Flutterby™! : What Ya Do again

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What Ya Do again

2004-07-21 22:59:19.193211+00 by Dan Lyke 3 comments

So what ya do[Wiki] is ya take:

  • a cup and a half of flour. Allegedly a low-protein flour such as a self-rising flour (with appropriate adjustments to the baking soda) works best, but I've just been using a half-and-half mix of whole wheat and all-purpose unbleached white.
  • a teaspoon and a half of baking soda (half-a-t if you're using self-rising, prorate accordingly).
  • a half a teaspoon to a teaspoon of salt
  • one or two tablespoons of sugar (honey would probably rock!)

Sift into a bowl. Mix thoroughly in:

  • a tablespoon of vegetable oil
  • a tablespoon of butter

The original (cited below) used vegetable shortening, I've tried all butter 'cause I'm trying to keep the hydrogenated fats non-existent, but I'm trying to keep the saturated fats low. Then add:

  • A cup and a quarter of cultured buttermilk.

Mix gently, then spoon a tablespoon or two into another bowl of flour, lift the mass in your hands, form gently into a ball, and place in an oiled pan (I use a 9" pie pan, which is a little small, a 9" square would probably be perfect). Continue 'til you're out of batter, then brush the tops with more vegetable oil.

Bake at 475F for 15 minutes. 15 minutes is approximately what it takes me to take a shower, get dressed, and get a start on the dishes.

Poof. Hot tasty biscuits for breakfast. Way yummy with a little jelly, or just butter. That's what ya do[Wiki].

Pragmatically adapted to what I have in my fridge and cupboard from Shirley Corriher[Wiki]'s "Touch of Grace" biscuits, published in CookWise[Wiki], and on the web in a Good Eats Fan Page on Shirley Corriher.

[ related topics: Dan's Life Food ]

comments in ascending chronological order (reverse):

#Comment Re: made: 2004-07-22 05:55:29.434865+00 by: mvandewettering

The recipe sounds yummy. The chemistry of good biscuits is actually rather interesting. I'm surprised this recipe uses just soda and not baking powder. The acid in the buttermilk reacts with soda and/or baking powder and produces CO2 gas which makes the dough light. You have to be careful not to overstir the dough once the wet ingredients are introduced. Stirring builds additional gluten, which stiffens and makes for larger bubbles in the dough during cooking. This makes for tougher, more mealy biscuits.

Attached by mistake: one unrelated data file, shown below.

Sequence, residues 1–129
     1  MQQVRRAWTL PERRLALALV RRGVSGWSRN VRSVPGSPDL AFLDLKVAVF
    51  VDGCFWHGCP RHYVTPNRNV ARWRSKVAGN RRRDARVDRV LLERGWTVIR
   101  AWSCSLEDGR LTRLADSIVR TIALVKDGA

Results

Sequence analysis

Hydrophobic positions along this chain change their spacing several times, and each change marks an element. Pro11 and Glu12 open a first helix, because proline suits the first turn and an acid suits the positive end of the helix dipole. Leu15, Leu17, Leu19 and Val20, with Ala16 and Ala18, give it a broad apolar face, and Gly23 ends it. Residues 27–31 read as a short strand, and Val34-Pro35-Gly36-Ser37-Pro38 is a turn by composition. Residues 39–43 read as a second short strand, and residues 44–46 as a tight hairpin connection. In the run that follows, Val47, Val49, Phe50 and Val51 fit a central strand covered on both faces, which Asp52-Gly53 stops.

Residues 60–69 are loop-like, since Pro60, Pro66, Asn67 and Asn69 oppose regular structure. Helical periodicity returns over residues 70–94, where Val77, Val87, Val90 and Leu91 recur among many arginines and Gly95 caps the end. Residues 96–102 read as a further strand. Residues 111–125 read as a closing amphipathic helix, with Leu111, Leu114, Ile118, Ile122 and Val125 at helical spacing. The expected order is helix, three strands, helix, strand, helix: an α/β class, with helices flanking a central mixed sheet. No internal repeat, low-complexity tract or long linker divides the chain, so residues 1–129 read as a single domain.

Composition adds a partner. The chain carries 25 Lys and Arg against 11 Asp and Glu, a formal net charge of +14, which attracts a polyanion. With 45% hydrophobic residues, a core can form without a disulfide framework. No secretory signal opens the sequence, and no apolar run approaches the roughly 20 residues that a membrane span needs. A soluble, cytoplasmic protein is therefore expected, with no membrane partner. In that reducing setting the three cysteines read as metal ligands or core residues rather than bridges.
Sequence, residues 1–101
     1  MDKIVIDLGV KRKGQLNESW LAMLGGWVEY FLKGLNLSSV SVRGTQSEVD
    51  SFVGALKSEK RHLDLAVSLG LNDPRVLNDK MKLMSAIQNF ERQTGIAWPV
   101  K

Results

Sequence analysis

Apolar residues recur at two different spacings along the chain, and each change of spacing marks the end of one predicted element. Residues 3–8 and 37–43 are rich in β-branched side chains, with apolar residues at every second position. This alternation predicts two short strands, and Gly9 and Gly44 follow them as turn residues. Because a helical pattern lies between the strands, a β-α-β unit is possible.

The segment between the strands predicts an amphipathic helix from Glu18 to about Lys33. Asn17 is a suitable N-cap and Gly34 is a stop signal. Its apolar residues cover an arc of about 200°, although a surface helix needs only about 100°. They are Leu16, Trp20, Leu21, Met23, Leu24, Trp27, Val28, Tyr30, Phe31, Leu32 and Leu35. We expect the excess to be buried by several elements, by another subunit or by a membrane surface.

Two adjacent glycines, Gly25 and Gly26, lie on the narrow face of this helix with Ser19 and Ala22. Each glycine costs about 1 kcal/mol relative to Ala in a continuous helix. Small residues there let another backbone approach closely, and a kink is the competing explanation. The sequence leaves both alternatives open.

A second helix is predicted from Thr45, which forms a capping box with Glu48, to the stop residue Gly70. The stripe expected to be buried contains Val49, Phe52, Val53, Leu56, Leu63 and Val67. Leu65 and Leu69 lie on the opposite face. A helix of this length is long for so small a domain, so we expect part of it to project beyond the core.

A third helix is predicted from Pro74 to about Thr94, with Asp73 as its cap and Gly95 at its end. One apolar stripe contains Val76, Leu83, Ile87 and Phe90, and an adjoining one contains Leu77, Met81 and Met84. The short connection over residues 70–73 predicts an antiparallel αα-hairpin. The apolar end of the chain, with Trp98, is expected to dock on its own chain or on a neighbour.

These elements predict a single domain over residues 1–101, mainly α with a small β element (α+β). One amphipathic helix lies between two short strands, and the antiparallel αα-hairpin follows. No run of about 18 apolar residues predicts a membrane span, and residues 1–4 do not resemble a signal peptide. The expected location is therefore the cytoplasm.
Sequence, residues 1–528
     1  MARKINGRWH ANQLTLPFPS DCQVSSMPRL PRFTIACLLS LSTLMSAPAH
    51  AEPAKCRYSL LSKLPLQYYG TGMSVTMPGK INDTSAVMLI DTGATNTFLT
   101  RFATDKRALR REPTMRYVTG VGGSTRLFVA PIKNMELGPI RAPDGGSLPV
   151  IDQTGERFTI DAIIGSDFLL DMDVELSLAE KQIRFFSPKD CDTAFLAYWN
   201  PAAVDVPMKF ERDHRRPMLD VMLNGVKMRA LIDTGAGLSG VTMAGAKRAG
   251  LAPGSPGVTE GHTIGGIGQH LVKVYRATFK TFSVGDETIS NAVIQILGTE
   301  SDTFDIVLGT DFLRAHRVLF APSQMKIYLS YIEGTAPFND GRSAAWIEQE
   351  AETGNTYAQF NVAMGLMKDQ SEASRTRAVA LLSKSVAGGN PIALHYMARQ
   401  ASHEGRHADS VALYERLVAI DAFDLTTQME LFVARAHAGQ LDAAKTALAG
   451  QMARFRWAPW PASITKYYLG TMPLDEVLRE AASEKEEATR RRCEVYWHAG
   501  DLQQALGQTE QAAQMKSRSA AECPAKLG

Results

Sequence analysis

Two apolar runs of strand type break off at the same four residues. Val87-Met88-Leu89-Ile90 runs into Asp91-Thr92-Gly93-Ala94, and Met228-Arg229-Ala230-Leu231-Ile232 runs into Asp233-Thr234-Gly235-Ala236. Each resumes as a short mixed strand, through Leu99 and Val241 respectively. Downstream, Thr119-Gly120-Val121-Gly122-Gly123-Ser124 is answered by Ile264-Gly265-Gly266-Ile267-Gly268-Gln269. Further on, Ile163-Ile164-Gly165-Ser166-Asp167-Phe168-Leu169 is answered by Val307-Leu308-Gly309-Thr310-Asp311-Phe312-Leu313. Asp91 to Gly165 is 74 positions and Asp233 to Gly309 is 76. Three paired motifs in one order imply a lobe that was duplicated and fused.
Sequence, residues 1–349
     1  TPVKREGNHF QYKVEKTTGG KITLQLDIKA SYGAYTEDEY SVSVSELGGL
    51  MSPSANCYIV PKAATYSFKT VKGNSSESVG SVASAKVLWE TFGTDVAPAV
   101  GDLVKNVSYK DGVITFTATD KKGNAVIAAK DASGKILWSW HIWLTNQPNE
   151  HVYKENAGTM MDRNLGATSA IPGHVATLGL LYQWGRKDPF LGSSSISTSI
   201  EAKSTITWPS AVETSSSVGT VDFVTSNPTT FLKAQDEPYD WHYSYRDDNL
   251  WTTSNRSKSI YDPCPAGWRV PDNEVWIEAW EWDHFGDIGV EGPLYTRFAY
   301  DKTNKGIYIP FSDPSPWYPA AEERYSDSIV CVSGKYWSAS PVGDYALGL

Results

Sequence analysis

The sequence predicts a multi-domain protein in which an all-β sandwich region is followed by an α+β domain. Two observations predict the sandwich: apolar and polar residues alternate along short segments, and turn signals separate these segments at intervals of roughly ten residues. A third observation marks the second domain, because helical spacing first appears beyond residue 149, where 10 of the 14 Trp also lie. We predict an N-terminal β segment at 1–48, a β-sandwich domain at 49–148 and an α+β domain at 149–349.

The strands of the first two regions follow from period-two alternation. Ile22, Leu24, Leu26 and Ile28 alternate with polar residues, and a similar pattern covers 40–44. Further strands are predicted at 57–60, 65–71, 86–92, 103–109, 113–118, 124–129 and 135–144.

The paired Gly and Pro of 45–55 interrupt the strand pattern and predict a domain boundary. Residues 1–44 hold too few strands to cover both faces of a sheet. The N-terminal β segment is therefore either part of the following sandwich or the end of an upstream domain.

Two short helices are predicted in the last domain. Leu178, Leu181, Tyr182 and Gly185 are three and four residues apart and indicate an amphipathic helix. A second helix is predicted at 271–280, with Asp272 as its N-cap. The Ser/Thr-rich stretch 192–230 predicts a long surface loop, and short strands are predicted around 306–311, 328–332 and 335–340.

Nothing quite so tasty as good buttermilk biscuits, eggs and sausage and a glass of orange juice. Of course now that I am on Weight Watchers, my breakfasts are more like non-fat yogurt and a banana, or a bowl of Raisin Bran w/ nonfat milk.

#Comment Re: made: 2004-07-22 06:17:20.37808+00 by: Diane Reese

Ah, something with which I have several years' experience! The thing about WeightWatchers, see, is that, unlike other eating plans (some of which are far too bizarre or dangerous to even start to take seriously), there aren't any prohibited foods. It's all about learning to make those good choices. So yeah, while most of your breakfasts may be as noted, there's no reason you couldn't save up your points and plan your week to include a splurge on some good buttermilk biscuits one morning -- and if you can stand eggwhites (or better yet, EggBeaters, which ain't half bad) and Morningstar Farms veggie sausage, go whole hog and have the whole spread. Take a good brisk hike and get in some APs later, or even blow all your FlexPoints on that one breakfast, but don't deprive yourself of an occasional treat like this!

Besides, these sound way yummy. (Whoa. I just wrote "way yummy" thinking I was making it up, and looky thar! Dan typed "way yummy" not a dozen lines above this one. Spooky, huh. [More likely subliminal memory, I'd guess.])

#Comment Re: made: 2004-07-22 15:33:41.031141+00 by: Dan Lyke

Hmmm... I'll have to calc approximate "POINTStm" for this. Biscuits aren't Charlene's thing, but she's doing Weight Watchers so I'm starting to become aware of how different ingredients and quantities map to "POINTStm", and I think I'm about to make very good friends with the USDA Nutrient Database for Standard Reference, both for the caloric and fat issues and because Charlene mapped out a standard day's food on a spreadsheet and got some really interesting answers about where she was and wasn't covered nutritionally relative to the old "USRDA" and the newer DRI.

And one of the wonderful things about this recipe is that it wants very little stirring. I've been tempted to overstir muffin batter, but this one is just two or three times around the bowl and the batter is there.

My unemployment and the resulting opportunities for exercise are also telling me that, yeah, go out and sweat for an hour and indulge.